House of Lords: Lord Colgrain elected in hereditary poll

Clerk of the Lords announcing the resultImage copyright
House of Lords

Image caption

The result was announced in the House of Lords

Lord Colgrain has been elected to the House of Lords, seeing off 26 other hereditary peers in a by-election.

The Conservative, an executive head-hunter and former High Sheriff of Kent, is the great-grandson of the Scottish banker Colin Campbell, for whom the title was created in 1946.

The poll, in which all peers actively sitting were entitled to vote, was triggered by the death of Lord Lyell.

A total of 92 hereditary peers remain in the Lords following reforms in 1999.

The 66-year old Lord Colgrain emerged victorious from a crowded field, beating candidates including relatives of ex-premiers Harold Macmillan and David Lloyd George.

The 27 contenders were asked to make the case for themselves in a series of short statements and potted biographies, in which they was also asked to indicate their political allegiances.

Lord Colgrain’s entry read: “My areas of expertise and particular interest are employment and financial services, following 30 years in the financial executive search sector, and rural affairs, regeneration and diversification, as partner in a family farming and property business.

“I chair two charities, am a school governor, trustee of Rochester Cathedral, president of the County Show, and was High Sheriff of Kent 2013-14. I will be able to commit as much time to the House as required.”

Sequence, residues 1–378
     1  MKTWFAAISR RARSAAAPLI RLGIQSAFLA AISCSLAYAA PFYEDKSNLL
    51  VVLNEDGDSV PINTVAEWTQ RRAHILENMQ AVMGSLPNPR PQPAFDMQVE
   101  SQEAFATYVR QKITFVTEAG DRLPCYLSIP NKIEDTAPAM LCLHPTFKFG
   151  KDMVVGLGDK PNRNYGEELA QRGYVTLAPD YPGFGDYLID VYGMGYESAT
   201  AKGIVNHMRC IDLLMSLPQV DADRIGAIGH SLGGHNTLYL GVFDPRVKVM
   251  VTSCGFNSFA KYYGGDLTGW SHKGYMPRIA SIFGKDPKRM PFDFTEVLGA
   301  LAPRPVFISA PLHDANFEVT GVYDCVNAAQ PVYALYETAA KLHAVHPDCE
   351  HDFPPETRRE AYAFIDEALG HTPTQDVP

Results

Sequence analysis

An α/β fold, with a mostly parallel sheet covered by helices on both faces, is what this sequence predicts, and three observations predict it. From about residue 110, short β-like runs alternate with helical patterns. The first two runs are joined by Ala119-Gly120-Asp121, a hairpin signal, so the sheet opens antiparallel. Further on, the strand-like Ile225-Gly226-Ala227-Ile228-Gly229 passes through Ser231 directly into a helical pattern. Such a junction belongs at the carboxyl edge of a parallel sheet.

The result was due to have been announced last Wednesday but was postponed following the fatal stabbing of a police officer in Parliament.

Lord Lyell was one of the 92 hereditary peers – including two holders of royal offices who are ex officio members – who remained in the Lords in 1999 after the remainder were expelled in reforms carried out by the government of Tony Blair.

Under current conventions, when one of their number dies, a by-election is held to elect a successor. This election was open to all those with hereditary titles on the register kept by the Clerk of the Parliaments.

Among the best-known candidates were Earl Stockton, the grandson of Harold Macmillan – Conservative prime minister between 1957 and 1963. Another famous political family was represented in the form of Earl Lloyd-George of Dwfor, the great grandson of the former Liberal prime minister David Lloyd George.

Other unsuccessful contenders include Lord Harlech, the 30-year old grandson of David Ormsby-Gore, the former Conservative politician and British Ambassador to the United States in the 1960s, who had a close friendship with Jackie Kennedy.

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